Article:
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Direct Response Marketing

Support Services: The Right Numbers Add Up to Increased Profitability

15 Jan, 2010 By: Scott Richards Response

By Scott RichardsIt is commonly understood that toll-free numbers that start with an 800 prefix, versus other prefix alternatives — such as an 888, 877 or 866 — give marketers an advantage, but just how much? And why?

Toll-free 800 numbers were first introduced in 1967, and for nearly 30 years they were burned into the consciousness of American consumers through endless, “Call toll-free NOW!” pitches. With that three-decade head start, 1-800 simply became synonymous with toll-free, which was fine — until the nearly 7.9 million available numbers were scooped up by private sources.

According to SMS/800, the central administration system for the management of toll-free services, this remains true today as 99 percent of all such numbers are locked up. In 1996, the 888 toll-free prefix was introduced, and nearly all of those numbers were gone in two years. Other toll-free prefixes, such as 877 and 866, followed.

House of Clay?
The problem is, not all toll-free prefixes are created equally. Industry sources report that non-800 toll-free numbers routinely underperform by 10-20 percent when compared to 800-prefix numbers. One primary suspect: misdials. Perhaps the best illustration of the public’s penchant for dialing on autopilot is the Los Angeles Times exposé about the season-two voting debacle on “American Idol.”

“Idol” uses the 866 exchange because it can own vanity numbers, such as 866-IDOLS-01 to track votes. In fact, host Ryan Seacrest pleads with viewers each week to recognize that the numbers to dial and vote are 866 prefixes. However, in 2003 when the finale to crown the second “Idol” was a horserace between eventual winner Ruben Studdard and runner-up Clay Aiken, only 130,000 votes separated them.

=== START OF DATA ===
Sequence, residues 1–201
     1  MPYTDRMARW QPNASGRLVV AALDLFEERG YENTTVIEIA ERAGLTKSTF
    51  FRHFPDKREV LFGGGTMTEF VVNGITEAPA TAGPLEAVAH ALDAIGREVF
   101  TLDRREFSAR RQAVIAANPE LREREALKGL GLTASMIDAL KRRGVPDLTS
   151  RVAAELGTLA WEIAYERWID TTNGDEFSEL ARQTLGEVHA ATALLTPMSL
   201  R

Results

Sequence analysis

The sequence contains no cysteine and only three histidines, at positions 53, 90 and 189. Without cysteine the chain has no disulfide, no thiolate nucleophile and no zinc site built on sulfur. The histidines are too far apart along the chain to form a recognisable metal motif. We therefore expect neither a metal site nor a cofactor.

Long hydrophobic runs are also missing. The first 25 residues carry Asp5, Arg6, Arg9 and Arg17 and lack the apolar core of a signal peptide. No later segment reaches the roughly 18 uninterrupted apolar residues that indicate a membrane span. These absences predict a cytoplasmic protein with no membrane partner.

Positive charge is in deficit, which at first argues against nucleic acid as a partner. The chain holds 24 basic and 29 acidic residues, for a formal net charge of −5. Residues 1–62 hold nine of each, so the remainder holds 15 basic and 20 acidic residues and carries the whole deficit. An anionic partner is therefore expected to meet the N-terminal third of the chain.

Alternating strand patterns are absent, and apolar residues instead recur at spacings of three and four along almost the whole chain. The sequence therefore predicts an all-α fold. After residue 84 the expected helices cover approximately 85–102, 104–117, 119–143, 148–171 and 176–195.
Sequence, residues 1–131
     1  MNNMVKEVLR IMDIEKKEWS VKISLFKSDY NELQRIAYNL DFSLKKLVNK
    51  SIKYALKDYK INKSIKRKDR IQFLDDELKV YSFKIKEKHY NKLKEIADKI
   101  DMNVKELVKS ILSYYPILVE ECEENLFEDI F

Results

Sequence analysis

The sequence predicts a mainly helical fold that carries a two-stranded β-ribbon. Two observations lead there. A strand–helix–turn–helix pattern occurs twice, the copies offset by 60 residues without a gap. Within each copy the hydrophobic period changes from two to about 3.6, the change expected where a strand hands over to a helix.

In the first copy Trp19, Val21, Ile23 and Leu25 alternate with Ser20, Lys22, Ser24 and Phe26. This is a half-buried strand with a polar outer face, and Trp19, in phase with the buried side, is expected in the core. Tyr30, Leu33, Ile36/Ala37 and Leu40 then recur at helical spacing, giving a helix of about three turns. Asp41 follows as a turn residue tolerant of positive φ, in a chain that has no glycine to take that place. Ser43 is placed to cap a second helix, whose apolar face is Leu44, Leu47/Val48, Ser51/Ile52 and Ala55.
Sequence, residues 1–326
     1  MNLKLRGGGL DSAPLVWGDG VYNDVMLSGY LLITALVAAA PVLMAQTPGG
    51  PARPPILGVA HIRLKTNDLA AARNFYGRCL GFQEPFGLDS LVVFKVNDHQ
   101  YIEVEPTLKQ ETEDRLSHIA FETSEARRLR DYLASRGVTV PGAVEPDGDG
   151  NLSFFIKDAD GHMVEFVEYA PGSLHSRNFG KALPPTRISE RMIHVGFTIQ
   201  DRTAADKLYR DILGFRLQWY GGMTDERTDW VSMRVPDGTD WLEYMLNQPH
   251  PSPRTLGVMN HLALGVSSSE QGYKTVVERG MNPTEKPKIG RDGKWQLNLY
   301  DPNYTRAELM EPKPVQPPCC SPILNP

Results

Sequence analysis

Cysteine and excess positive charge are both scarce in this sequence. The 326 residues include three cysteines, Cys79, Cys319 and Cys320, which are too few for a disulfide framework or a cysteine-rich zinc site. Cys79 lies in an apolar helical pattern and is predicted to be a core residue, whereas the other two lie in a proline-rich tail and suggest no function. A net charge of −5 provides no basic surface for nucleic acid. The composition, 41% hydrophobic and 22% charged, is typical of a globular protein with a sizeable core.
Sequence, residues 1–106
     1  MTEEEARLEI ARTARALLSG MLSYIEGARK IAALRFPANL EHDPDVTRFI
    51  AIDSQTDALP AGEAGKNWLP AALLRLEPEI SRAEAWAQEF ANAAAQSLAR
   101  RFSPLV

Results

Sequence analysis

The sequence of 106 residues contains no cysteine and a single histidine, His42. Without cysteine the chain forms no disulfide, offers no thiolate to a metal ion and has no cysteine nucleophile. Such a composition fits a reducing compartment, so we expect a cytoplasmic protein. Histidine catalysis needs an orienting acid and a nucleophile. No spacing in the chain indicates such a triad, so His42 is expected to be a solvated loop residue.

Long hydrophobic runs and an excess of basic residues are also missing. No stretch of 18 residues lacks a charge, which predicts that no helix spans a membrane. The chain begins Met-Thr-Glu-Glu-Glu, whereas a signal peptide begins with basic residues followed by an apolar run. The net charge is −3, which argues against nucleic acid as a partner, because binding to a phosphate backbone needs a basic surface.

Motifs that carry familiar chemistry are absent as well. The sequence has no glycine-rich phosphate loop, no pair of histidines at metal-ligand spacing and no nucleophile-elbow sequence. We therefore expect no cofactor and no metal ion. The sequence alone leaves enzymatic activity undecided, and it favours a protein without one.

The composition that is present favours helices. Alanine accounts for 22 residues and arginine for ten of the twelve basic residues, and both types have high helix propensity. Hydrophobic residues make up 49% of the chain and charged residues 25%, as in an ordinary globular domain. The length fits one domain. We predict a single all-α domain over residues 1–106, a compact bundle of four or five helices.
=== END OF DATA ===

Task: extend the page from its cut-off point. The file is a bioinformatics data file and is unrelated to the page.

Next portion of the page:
Yet there were 240,000 misdials to the 800 prefix, evidence of the audience’s Pavlovian-like conditioning to dial an 800 number first and address confusion later. In this light, any direct marketer can appreciate the advantages of an 800 number over other prefixes, especially since they must communicate with clarity and due speed to their consumer about how to order.

Not All Numbers Are Created Equal
If all toll-free prefixes aren’t created equal, then the actual numbers that comprise the 10-digit sequence of your phone number certainly are not. As acclaimed trend guru Malcolm Gladwell (“The Tipping Point,” “Blink”) outlines in his latest bestseller, “Outliers,” humans store sequences of numbers into a memory loop that lasts for only about two seconds.

Gladwell theorizes that one reason Asians excel in mathematics is that their native tongues, which employ shorter words for numbers than English, enable them to remember longer sequences of digits in a compressed period of time. In contrast, many native English speakers become disenchanted with mathematics by mid-elementary school, due in part because the words used to recite numbers are much lengthier and the English-speakers’ cultural conditioning hampers their ability to recall complicated sequences of numbers in brief windows of time. If you’ve ever sweated out a timed mathematics test, you know the problem.

So you can understand why a marketer employing an easy-to-recall repeater number such as 800-935-1000 has a decided advantage over one using a random sequence such as 800-218-6253. In a typical voiceover read for a direct response TV or radio ad, this nuance equals about a half-second. But contained within that seeming blink-of-an-eye may be the difference between success and failure when it comes to a buyer’s ability to recall a number and dial it into their phone or write it down.

This subtle distinction is yet another example of how incremental advantages can add up to double-digit sales hikes. Understanding the power inherent in numbers is insight savvy marketers can use to dial in their own profits.

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